Contentment::Node - Node storage for Contentment


This package is primarily intended for documentation to the end user. Don't use this class directly. Rather use Contentment::Node::Revision and Contentment::Node::Collection instead.

Use the documentation here to get the big picture.


In several content management systems, it has become popular to store data into nodes. Each node represents one document (or a document series if the CMS provides revision control). Contentment actually allows for some flexibility by allowing the use of regular file system files along with database nodes, but the real power of Contentment is in the nodes.

To create a new type of Node, you need to subclass either the Contentment::Node::Revision class. Then, create additional schema items using the Oryx persistence system. Then, you need to implement the generator methods for your object. For example, if you chose to extend Contentment::Node to create a book review node type, you could do something like this:

  package MyBookReview;

  use strict;
  use warnings;

  use base qw( Contentment::Node::Revision );

  our $schema = {
      attributes => [{
          name => 'book_title',
          type => 'String',
          name => 'book_author',
          type => 'String',
          name => 'book_publisher',
          type => 'String',
          name => 'book_pubdate',
          type => 'DateTime',
          name => 'book_isbn',
          type => 'String',

  sub get_property {
      my $self = shift;
      local $_ = shift;

      /^title$/     && do { return $self->book_title }
      /^author$/    && do { return $self->book_author }
      /^publisher$/ && do { return $self->book_publisher }
      /^pubdate$/   && do { return $self->book_pubdate }
      /^isbn$/      && do { return $self->book_isbn }

  sub generated_kind { return 'text/html' }

  sub generate {
      # print out the HTML...


And that's pretty much it. This is now a functional node subclass.

Finally, you'll probably want to use your node class by instantiating a few. However, you should be aware of a few details before you continue. Read on.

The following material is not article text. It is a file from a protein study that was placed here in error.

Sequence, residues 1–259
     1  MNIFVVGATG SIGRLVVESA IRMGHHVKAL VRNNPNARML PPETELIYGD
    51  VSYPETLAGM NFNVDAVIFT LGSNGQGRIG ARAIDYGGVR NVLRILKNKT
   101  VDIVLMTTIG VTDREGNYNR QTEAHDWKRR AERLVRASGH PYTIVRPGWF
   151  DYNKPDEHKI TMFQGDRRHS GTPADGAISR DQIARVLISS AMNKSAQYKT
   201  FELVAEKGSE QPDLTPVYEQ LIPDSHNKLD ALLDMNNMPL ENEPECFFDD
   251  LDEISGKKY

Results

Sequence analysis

Now, it wouldn't be much of a publishing system without the ability to keep old revisions around. The details of this work are found in Contentment::Node::Revision and Contentment::Node::Collection.

Basically, a node object is really a collection of revisions. In general, each time you make a change to a node, a new revision is created and selected as the current revision. The old revision exists in limbo where you can't see it anymore unless you explicitly ask to see it.


The real power of the Contentment revision system is with the revision-sets. When I said, "a new revision is created and selected as the current revision," what I really meant was that the new revision replaces the old revision in the current revision-set. When a user visits the web site, she will be assigned a revision-set containing the revisions visible to her. By default, this revision-set is named "HEAD".

When an editor edits a node, the new revision created replaces the old revision in his current revision set. He could also change the revision-set he's using so that his changes aren't a part of the main web site. Thus, a new revision-set could be cloned from the HEAD, modified until all the new pieces are just right, and, then, merged back into the HEAD.

To "delete" a node, you don't have to remove the data from the database, just remove it from the change set.


Each node object has the following information associated with it:


This is a username identifying the node's owner. This can help you if your node subclass needs to base security decisions on the node owner. The owner may be undef if ownership isn't significant or is unknown.


The date the node was created. This is set automatically.


The username of the current principal when the node was created. This is set automatically.



This handles the "Contentment::install" hook. It deploys the Contentment::Node, Contentment::Node::Revision, and Contentment::Node::Collection schemas.


Implements the "Contentment::VFS::simple" hook and adds a new set of paths under the "/node" directory.


Andrew Sterling Hanenkamp, <>


Copyright 2005 Andrew Sterling Hanenkamp <>. All Rights Reserved.

This module is free software; you can redistribute it and/or modify it under the same terms as Perl itself. See perlartistic.

This program is distributed in the hope that it will be useful, but WITHOUT ANY WARRANTY; without even the implied warranty of MERCHANTABILITY or FITNESS FOR A PARTICULAR PURPOSE.